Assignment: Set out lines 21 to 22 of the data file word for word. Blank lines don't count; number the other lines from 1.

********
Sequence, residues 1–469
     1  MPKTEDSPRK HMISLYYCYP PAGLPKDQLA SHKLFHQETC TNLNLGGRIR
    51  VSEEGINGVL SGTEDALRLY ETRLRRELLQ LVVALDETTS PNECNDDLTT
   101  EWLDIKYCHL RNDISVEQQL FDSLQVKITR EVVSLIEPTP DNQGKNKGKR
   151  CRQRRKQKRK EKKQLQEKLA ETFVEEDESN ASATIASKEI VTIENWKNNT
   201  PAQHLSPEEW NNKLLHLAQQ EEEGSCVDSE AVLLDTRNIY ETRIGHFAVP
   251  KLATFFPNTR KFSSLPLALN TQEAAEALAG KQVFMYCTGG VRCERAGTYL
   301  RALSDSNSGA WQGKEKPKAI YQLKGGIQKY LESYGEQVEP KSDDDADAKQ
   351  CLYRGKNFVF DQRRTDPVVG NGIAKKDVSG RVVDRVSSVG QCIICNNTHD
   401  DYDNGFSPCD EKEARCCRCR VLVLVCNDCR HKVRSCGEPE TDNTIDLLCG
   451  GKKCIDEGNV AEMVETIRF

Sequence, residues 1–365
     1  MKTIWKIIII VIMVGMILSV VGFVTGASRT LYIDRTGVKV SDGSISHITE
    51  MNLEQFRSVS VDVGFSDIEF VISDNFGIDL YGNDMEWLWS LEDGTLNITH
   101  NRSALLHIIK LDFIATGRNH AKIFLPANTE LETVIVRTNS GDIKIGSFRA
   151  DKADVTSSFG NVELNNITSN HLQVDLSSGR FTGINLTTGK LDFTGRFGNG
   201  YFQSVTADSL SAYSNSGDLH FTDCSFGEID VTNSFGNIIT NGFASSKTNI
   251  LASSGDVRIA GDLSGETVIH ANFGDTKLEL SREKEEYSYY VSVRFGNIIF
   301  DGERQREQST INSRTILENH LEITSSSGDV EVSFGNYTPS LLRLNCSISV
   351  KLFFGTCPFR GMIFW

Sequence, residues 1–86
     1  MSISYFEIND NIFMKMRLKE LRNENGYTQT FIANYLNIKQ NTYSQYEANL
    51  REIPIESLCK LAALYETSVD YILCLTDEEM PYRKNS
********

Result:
Sequence, residues 1–86
     1  MSISYFEIND NIFMKMRLKE LRNENGYTQT FIANYLNIKQ NTYSQYEANL